Teaching Modern Society a Lesson, “One Public Breastfeeding at a Time”

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I’ve decided to teach modern American society a lesson, one public breastfeeding at a time.

LESSONS IN PUBLIC BREASTFEEDING: A Mothering.com editorial about a woman who is repeatedly asked to cover her tits while nursing her baby and/or child in public.

The really hurtful negative reactions to my breastfeeding have come from people who don’t know me—strangers passing judgment. Once I sat down outside a Starbucks coffee shop at a table with some friends and friendly acquaintances.

When I began to nurse my child, one man—a friend of one of my friends—jumped up and went to another table. I looked after him, stricken, but he didn’t return. His blatant rejection and disgust felt like a punch in my stomach.

If I sat down for some coffee with a few “friendly acquaintances” and one of them whipped out a body part without giving any warning — whatever their intentions — I’d probably get up and move too.

In the private office of a mental health professional, as I sobbed while attempting to describe my feelings, my son started rooting and whimpering. I automatically put him to the breast, but the mental health professional interrupted me in midsentence: “Do you not have something you can cover up with?”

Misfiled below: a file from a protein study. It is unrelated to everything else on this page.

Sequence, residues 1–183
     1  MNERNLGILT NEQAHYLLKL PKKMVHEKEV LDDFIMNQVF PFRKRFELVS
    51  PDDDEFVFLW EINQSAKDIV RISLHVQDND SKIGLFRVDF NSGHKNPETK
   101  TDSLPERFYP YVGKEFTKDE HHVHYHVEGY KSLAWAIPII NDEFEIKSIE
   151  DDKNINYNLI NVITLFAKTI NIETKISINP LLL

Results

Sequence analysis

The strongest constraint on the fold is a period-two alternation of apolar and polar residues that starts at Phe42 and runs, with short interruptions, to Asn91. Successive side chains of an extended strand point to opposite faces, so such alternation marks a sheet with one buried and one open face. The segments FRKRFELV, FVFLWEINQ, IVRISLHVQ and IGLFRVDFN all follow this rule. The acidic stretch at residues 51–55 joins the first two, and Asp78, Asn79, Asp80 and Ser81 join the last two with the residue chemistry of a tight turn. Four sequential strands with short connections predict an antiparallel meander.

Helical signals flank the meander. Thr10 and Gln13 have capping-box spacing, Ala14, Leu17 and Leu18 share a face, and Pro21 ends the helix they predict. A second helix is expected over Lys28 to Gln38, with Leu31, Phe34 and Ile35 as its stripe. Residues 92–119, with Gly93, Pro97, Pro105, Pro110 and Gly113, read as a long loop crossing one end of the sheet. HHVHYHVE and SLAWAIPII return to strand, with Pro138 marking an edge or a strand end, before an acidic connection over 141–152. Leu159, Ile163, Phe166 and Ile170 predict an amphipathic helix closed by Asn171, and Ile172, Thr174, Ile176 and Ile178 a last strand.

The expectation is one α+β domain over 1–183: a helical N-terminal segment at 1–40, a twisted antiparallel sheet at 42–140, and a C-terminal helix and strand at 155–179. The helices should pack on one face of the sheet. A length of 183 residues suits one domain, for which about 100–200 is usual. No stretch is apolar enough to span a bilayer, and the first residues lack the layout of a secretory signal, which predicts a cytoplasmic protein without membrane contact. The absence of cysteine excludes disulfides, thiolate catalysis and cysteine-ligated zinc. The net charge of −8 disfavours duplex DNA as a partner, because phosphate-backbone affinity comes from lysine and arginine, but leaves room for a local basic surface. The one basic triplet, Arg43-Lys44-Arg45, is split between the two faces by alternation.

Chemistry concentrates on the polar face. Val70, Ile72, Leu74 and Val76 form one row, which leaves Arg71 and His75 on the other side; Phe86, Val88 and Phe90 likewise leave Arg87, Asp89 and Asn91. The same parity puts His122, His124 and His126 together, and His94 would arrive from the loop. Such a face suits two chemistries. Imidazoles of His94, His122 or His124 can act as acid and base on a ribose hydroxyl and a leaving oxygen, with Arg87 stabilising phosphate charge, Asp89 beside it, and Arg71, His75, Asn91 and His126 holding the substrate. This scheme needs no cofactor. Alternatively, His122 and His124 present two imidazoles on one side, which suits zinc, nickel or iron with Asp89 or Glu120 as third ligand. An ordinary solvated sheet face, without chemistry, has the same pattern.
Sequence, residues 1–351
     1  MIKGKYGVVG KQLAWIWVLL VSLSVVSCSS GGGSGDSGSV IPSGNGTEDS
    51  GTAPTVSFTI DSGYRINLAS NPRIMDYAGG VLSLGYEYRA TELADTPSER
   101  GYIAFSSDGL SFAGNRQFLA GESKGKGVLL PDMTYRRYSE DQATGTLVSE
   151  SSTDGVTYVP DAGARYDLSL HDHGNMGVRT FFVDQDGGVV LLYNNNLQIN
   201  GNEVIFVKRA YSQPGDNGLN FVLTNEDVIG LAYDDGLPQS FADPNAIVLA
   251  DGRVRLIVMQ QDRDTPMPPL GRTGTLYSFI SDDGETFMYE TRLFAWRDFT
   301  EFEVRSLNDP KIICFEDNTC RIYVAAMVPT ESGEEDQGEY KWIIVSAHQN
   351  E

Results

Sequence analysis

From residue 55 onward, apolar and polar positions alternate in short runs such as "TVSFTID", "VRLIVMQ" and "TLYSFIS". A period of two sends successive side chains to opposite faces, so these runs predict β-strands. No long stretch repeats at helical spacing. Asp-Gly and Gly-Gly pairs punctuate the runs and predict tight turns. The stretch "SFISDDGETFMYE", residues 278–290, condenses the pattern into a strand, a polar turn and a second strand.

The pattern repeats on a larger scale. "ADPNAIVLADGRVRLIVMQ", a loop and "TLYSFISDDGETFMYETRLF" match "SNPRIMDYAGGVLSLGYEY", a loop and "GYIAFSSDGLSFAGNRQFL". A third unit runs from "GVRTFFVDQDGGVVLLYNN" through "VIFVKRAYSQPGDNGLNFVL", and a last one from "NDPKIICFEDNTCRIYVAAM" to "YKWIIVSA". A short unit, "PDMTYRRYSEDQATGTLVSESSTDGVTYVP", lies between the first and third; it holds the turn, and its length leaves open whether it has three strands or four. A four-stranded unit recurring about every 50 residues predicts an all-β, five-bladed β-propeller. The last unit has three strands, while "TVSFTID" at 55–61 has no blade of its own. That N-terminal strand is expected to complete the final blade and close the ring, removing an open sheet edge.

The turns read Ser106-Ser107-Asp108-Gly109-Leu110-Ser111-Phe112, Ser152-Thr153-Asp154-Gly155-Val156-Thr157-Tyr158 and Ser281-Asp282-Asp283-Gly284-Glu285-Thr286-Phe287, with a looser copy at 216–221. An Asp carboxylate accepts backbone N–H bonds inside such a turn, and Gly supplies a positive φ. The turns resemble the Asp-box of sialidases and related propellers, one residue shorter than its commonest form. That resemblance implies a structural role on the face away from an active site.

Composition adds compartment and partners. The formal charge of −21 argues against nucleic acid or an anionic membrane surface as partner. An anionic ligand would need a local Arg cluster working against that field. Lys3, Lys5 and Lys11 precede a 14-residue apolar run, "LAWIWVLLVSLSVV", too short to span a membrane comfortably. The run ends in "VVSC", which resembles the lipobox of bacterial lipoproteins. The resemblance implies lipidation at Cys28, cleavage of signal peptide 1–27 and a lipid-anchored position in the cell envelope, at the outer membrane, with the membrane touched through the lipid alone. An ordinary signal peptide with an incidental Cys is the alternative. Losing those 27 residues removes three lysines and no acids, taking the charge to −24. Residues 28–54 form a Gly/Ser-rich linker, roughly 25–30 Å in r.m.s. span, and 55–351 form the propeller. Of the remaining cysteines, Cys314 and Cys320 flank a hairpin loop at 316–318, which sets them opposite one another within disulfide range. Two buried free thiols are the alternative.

Speechless, I fumbled around until I found a receiving blanket. It was her private office, after all, and at that moment I felt too weak and vulnerable to snap back an appropriate response. I don’t remember if I was able to finish what I’d been saying, and I never went back.

Let’s review her mistakes now, shall we?

(A) She brings a newborn along to the shrink.

(B) She whips a boob out in front of the shrink.

(C) She takes offense when the shrink tactfully encourages her to cover up.

(D) She feels too victimized to “snap back an appropriate (?!) response.”

(E) She leaves the shrink’s office and never goes back.

LVNM basically says everything that needs to be said:

Wet or Dry-Nursing Your Adopted Preschooler is Sexual Abuse